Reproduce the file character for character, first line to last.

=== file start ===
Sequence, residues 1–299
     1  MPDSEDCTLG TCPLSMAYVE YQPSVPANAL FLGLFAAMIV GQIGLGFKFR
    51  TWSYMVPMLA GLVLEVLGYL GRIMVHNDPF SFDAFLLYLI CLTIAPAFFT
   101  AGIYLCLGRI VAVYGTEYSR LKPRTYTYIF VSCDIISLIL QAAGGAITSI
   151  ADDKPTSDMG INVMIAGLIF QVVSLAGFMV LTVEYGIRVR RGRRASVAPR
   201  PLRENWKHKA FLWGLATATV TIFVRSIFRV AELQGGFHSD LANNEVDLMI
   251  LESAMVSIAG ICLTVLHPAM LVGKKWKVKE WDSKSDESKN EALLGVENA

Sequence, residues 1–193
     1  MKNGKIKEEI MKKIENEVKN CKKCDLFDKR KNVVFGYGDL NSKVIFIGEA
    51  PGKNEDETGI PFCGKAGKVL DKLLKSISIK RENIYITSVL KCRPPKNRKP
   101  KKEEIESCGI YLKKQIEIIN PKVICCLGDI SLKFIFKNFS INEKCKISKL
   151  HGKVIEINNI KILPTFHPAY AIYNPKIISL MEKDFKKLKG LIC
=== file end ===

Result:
Sequence, residues 1–299
     1  MPDSEDCTLG TCPLSMAYVE YQPSVPANAL FLGLFAAMIV GQIGLGFKFR
    51  TWSYMVPMLA GLVLEVLGYL GRIMVHNDPF SFDAFLLYLI CLTIAPAFFT
   101  AGIYLCLGRI VAVYGTEYSR LKPRTYTYIF VSCDIISLIL QAAGGAITSI
   151  ADDKPTSDMG INVMIAGLIF QVVSLAGFMV LTVEYGIRVR RGRRASVAPR
   201  PLRENWKHKA FLWGLATATV TIFVRSIFRV AELQGGFHSD LANNEVDLMI
   251  LESAMVSIAG ICLTVLHPAM LVGKKWKVKE WDSKSDESKN EALLGVENA

Sequence, residues 1–193
     1  MKNGKIKEEI MKKIENEVKN CKKCDLFDKR KNVVFGYGDL NSKVIFIGEA
    51  PGKNEDETGI PFCGKAGKVL DKLLKSISIK RENIYITSVL KCRPPKNRKP
   101  KKEEIESCGI YLKKQIEIIN PKVICCLGDI SLKFIFKNFS INEKCKISKL
   151  HGKVIEINNI KILPTFHPAY AIYNPKIISL MEKDFKKLKG LIC